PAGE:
Anne and her students soon became aware of the initial learning gap that many new editors face with regards to the Wikipedia syntax. Though somewhat intimidating at first, Anne agrees that editing Wikipedia was a great way to teach students how to become literate in new media language. Her students weren’t the only ones learning something new, Anne explains, “It certainly opened their (and my) eyes to what takes place behind the nicely edited entries.” Another obstacle was trying to figure out how and where to contribute. Anne recalls a student who was hoping to contribute a “religion” entry to the Harlem Renaissance page. The challenge was to figure out where it belonged and how they would go about incorporating it into an existing page in a cohesive manner. Despite a period of adjustment, Anne makes it clear that the benefits her and the students garnered greatly outnumber any difficulties they might initially have had.
From an academic perspective, the assignment captured many of the elements of research that the course aimed to teach – understanding of source material, citation, scholarly research and careful language craft. The fact that Wikipedia is a public forum motivated the students in a manner that perhaps a normal research paper wouldn’t, that is to say, it no longer was just the professor who read the work but also other editors from around the world. The project also proved to be a great collaboration process between the students and the professor. The project lent itself to broader collaboration, especially when it came to the selection process and some of the smaller nuances of contributing to Wikipedia. The project also seemed to greatly improve composition, says Anne, “They (the students) would literally groom their language sentence by sentence – as opposed to earlier experiences writing seven-page research papers where the language fell apart.” Perhaps most satisfying for the students was the sense of accomplishment in seeing their hard work in a public space. Among the new articles created were pages for Arthur P. Davis, a section for religion in the Harlem Renaissance article and a page for Georgia Douglas Johnson – formerly a stub.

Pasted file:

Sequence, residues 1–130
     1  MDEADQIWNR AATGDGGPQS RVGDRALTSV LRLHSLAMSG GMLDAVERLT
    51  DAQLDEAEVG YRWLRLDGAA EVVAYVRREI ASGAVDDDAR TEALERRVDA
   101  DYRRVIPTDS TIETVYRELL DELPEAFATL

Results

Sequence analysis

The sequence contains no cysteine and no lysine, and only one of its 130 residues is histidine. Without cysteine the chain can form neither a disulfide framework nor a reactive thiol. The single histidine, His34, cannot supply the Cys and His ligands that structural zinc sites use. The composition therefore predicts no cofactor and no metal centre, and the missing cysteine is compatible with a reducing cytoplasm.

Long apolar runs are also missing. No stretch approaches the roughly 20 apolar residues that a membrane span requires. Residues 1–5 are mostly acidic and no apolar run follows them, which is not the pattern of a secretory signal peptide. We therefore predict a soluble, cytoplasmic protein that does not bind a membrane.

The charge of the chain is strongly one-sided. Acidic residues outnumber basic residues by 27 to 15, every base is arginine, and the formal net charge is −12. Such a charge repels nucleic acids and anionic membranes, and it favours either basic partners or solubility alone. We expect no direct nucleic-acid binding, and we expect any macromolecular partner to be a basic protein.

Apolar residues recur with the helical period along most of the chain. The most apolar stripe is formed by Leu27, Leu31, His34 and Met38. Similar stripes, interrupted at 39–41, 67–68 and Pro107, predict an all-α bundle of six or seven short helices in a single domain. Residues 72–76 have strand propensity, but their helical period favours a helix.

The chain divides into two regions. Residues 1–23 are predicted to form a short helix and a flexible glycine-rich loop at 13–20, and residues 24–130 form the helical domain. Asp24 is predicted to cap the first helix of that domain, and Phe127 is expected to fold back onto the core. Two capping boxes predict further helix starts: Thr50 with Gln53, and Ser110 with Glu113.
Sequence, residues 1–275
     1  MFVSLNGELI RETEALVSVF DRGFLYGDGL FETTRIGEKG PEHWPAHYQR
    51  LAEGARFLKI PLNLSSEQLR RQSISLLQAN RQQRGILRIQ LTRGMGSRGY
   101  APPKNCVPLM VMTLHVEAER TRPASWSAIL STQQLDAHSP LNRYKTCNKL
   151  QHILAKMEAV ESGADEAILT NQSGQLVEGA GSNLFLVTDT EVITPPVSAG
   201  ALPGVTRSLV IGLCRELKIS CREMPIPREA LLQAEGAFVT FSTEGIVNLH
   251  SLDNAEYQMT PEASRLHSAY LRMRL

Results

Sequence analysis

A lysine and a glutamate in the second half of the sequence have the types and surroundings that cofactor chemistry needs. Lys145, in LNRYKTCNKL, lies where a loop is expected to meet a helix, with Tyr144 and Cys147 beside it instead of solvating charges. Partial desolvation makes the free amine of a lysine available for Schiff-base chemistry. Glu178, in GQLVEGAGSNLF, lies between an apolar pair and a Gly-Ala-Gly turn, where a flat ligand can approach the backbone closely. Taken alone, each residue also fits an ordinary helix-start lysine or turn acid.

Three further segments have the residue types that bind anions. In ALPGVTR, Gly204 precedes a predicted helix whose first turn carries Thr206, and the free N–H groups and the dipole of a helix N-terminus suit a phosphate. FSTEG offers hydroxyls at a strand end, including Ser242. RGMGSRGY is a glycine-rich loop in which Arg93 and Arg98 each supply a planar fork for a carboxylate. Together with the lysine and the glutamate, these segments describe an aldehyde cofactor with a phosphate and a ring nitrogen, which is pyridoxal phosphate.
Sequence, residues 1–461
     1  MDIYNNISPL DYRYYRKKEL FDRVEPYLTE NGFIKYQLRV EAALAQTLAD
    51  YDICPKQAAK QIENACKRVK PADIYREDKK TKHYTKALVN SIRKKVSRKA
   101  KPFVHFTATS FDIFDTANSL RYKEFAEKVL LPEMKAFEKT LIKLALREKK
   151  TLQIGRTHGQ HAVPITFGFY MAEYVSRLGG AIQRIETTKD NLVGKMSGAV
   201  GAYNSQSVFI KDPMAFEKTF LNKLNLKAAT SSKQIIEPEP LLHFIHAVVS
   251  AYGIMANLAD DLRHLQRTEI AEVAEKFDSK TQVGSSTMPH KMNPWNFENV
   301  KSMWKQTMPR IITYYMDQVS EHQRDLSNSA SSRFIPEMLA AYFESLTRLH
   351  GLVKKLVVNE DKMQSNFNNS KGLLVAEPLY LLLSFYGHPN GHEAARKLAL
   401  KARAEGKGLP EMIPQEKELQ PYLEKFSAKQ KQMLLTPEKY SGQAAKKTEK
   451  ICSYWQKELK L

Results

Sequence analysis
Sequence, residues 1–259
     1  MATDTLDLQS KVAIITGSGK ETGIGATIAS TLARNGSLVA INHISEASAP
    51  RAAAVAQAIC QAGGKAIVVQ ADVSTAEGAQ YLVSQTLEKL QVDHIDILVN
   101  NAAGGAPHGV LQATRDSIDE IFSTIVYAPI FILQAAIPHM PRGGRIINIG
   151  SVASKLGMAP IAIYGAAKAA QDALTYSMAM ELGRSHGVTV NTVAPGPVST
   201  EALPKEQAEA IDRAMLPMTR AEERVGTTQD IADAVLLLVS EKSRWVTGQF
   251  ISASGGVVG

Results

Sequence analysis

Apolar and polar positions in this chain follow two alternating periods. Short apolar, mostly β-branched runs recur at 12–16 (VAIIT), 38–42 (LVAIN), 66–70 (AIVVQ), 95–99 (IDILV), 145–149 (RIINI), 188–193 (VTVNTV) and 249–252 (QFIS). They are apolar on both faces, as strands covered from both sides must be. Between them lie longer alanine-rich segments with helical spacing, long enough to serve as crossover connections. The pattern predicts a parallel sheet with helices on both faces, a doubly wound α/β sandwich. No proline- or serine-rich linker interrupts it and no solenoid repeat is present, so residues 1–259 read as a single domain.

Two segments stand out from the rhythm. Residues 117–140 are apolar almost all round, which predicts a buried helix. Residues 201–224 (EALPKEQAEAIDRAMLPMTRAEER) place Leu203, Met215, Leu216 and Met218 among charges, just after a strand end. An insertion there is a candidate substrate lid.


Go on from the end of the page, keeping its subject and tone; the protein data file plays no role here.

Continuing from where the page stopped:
Anne expresses great interest in assigning this project again to her students. “I don’t always get to select the classes I teach, but if I had the opportunity to teach the Harlem Renaissance again, I would repeat this curriculum.” When asked what she would do differently, if anything, she replied, “More time. I only gave my students four weeks to create their entries. I did not realize how many of them would choose to create full-length articles or more complex entries.” Anne is part of a growing number of teaching professionals who choose to think outside the box and embrace new mediums in an effort to not only contribute to the greater good, but also prepare their students for a 21st century academic landscape. She had a clear message to her colleagues who perhaps might not be as embracing of Wikipedia in the classroom, she says, “Think big…students have this amazing capacity to want to experiment with you and others, especially when it makes their work visible and meaningful.”
Carlos Monterrey, Communications Associate at the Wikimedia Foundation